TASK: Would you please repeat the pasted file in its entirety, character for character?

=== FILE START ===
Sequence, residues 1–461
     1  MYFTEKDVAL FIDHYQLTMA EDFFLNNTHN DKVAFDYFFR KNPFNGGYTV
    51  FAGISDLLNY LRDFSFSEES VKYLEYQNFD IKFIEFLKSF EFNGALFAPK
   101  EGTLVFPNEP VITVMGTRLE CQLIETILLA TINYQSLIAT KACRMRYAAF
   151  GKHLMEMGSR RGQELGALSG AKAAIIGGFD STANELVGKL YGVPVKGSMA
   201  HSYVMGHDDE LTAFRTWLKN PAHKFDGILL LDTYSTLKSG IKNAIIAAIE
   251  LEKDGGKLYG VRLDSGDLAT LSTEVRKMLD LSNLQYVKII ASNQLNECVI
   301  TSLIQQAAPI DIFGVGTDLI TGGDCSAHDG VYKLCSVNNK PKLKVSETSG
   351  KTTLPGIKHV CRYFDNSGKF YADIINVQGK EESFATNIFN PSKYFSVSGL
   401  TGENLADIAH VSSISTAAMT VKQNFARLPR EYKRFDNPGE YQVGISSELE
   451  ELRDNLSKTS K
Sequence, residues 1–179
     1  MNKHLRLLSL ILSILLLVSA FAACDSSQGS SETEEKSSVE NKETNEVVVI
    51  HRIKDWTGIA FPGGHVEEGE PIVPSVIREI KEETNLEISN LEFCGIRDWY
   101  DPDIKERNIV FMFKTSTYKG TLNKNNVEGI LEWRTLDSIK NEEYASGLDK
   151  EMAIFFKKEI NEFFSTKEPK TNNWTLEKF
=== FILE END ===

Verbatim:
Sequence, residues 1–461
     1  MYFTEKDVAL FIDHYQLTMA EDFFLNNTHN DKVAFDYFFR KNPFNGGYTV
    51  FAGISDLLNY LRDFSFSEES VKYLEYQNFD IKFIEFLKSF EFNGALFAPK
   101  EGTLVFPNEP VITVMGTRLE CQLIETILLA TINYQSLIAT KACRMRYAAF
   151  GKHLMEMGSR RGQELGALSG AKAAIIGGFD STANELVGKL YGVPVKGSMA
   201  HSYVMGHDDE LTAFRTWLKN PAHKFDGILL LDTYSTLKSG IKNAIIAAIE
   251  LEKDGGKLYG VRLDSGDLAT LSTEVRKMLD LSNLQYVKII ASNQLNECVI
   301  TSLIQQAAPI DIFGVGTDLI TGGDCSAHDG VYKLCSVNNK PKLKVSETSG
   351  KTTLPGIKHV CRYFDNSGKF YADIINVQGK EESFATNIFN PSKYFSVSGL
   401  TGENLADIAH VSSISTAAMT VKQNFARLPR EYKRFDNPGE YQVGISSELE
   451  ELRDNLSKTS K
Sequence, residues 1–179
     1  MNKHLRLLSL ILSILLLVSA FAACDSSQGS SETEEKSSVE NKETNEVVVI
    51  HRIKDWTGIA FPGGHVEEGE PIVPSVIREI KEETNLEISN LEFCGIRDWY
   101  DPDIKERNIV FMFKTSTYKG TLNKNNVEGI LEWRTLDSIK NEEYASGLDK
   151  EMAIFFKKEI NEFFSTKEPK TNNWTLEKF